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Arthrography of the wrist. Assessment of the integrity of the ligaments in young asymptomatic adults
D Kirschenbaum; S Sieler; D Solonick; DM Loeb; RP Cody
J Bone Joint Surg Am, 1995 Aug 01;77(8):1207-1209
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Fifty-two asymptomatic adults who were between twenty and thirty-five years old had arthrography of the wrist with use of a single injection into the radiocarpal joint. The purpose of the study was to evaluate the integrity of the triangular fibrocartilage, the scapholunate ligament, and the lunotriquetral ligament. Contrast medium was injected under fluoroscopic guidance, and posteroanterior and lateral radiographs of the wrist were made after the subjects had performed exercises of the wrist. No patient who had a history of trauma to the wrist, pain in the wrist, or inflammatory arthritis was included in the study. All of the subjects had an examination of both upper extremities that included measurement of the active motion of the wrist with a goniometer, strength-testing with a Jamar dynamometer, ballottement and testing for impingement, and palpation for tenderness. Plain radiographs were evaluated, and the ulnar variance was recorded. The arthrograms revealed an abnormal communication of the contrast medium in fourteen wrists (27 per cent), and four of the fourteen had multiple areas of communication. The abnormal communication was through the triangular fibrocartilage alone in six wrists, the scapholunate ligament alone in two wrists, the lunotriquetral ligament alone in two wrists, and in more than one of these areas in four wrists. A positive arthrogram was associated with a greater positive ulnar variance. All of the subjects had symmetrical motion of the wrists and grip strength, and none of them had tenderness in the wrist. There were no complications related to the arthrography. Perforation of a ligament in the wrist is common in young asymptomatic adults.(ABSTRACT TRUNCATED AT 250 WORDS)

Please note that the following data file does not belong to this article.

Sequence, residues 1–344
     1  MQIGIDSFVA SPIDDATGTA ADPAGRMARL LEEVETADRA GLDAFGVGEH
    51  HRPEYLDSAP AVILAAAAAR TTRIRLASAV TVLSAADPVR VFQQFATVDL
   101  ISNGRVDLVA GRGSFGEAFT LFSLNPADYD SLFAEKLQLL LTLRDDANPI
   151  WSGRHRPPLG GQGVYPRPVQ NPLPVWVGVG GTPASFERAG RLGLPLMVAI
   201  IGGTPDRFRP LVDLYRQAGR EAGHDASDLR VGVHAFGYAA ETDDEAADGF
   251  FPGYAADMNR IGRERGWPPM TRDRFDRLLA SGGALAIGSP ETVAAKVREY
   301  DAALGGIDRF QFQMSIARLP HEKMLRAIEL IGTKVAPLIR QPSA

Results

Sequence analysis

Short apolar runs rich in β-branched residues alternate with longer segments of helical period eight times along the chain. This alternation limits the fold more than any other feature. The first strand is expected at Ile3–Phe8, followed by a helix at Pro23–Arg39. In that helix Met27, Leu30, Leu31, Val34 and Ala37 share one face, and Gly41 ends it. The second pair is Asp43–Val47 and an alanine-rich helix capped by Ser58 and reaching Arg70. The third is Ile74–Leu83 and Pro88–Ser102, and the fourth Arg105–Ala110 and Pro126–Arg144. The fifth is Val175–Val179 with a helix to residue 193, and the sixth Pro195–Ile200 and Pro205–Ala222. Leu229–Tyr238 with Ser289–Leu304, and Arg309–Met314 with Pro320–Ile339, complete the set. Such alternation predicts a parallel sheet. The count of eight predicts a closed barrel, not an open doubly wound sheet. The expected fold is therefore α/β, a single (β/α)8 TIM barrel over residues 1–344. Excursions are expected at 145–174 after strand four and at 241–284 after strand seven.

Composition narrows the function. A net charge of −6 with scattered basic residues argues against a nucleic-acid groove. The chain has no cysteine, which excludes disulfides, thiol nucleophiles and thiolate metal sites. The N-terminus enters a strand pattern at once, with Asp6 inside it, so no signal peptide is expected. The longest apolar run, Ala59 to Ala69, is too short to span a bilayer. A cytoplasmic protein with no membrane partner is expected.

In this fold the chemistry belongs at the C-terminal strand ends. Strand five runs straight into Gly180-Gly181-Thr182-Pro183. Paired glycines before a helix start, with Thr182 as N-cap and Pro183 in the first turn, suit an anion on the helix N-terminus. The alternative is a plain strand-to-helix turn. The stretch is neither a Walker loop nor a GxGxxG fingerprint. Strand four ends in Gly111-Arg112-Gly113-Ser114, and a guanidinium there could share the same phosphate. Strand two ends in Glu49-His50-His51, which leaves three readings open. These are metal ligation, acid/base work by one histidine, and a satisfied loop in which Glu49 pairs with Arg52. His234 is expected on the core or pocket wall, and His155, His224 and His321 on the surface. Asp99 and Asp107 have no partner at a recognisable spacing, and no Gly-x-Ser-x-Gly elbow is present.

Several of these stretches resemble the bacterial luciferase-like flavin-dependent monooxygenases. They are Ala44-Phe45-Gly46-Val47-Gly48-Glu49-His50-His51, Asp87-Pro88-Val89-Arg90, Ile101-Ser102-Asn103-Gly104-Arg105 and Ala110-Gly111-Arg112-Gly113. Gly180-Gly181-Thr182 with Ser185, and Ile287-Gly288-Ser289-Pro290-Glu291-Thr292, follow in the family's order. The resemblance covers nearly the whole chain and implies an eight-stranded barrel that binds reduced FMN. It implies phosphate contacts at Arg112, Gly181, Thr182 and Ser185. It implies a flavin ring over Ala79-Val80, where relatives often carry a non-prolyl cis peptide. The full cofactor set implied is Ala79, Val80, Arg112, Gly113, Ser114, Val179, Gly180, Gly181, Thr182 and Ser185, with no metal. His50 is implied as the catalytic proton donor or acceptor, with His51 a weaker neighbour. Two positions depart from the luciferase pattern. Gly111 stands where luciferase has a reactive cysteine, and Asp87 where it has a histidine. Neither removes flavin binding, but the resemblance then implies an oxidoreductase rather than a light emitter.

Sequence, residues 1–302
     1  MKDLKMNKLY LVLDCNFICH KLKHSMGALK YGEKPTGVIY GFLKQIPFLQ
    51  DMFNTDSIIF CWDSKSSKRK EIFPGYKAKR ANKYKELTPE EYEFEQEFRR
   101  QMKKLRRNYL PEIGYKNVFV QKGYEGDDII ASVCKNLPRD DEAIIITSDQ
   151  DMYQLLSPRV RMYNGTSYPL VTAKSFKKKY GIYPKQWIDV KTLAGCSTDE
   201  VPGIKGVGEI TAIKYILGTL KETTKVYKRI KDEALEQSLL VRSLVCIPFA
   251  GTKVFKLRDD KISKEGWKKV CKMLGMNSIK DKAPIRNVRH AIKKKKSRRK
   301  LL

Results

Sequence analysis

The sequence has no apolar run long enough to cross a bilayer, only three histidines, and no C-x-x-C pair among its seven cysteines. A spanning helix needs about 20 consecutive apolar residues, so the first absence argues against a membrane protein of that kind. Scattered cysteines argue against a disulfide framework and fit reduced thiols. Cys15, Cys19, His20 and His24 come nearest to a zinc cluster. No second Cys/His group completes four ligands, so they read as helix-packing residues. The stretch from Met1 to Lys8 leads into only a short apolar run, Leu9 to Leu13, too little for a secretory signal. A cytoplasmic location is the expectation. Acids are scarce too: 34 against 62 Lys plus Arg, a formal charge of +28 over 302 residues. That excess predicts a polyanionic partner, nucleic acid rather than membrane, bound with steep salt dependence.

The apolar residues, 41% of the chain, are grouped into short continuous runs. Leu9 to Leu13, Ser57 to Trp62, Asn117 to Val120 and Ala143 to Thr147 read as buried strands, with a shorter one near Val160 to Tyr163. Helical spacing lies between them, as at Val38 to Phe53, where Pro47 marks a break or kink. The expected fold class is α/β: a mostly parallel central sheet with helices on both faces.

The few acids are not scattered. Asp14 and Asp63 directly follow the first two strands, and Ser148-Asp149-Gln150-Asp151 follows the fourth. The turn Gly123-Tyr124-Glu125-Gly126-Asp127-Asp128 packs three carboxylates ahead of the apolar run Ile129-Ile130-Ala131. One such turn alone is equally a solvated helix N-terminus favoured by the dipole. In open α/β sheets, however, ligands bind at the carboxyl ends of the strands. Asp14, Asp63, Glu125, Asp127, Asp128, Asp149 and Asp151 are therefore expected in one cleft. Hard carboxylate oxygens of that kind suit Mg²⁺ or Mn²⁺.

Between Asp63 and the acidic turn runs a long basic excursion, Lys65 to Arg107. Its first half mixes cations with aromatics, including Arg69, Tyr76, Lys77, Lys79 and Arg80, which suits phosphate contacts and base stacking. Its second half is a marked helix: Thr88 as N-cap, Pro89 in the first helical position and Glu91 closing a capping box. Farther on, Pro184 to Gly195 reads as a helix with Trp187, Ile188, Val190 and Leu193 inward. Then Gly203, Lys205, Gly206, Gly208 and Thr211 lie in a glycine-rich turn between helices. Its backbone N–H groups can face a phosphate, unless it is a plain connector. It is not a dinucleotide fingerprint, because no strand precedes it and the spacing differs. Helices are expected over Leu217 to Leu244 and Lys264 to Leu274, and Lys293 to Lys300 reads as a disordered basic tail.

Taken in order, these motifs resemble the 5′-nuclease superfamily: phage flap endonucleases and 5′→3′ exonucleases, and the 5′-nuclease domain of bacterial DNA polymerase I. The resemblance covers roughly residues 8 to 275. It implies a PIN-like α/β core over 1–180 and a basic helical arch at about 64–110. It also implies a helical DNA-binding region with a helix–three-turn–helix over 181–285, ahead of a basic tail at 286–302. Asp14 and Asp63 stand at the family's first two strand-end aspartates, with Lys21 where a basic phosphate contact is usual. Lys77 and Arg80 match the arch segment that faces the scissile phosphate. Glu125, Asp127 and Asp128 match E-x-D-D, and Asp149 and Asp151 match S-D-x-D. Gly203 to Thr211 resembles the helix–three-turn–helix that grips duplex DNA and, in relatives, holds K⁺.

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    These activities have been planned and implemented in accordance with the Essential Areas and policies of the Accreditation Council for Continuing Medical Education (ACCME) through the joint sponsorship of the American Academy of Orthopaedic Surgeons and The Journal of Bone and Joint Surgery, Inc. The American Academy of Orthopaedic Surgeons is accredited by the ACCME to provide continuing medical education for physicians.
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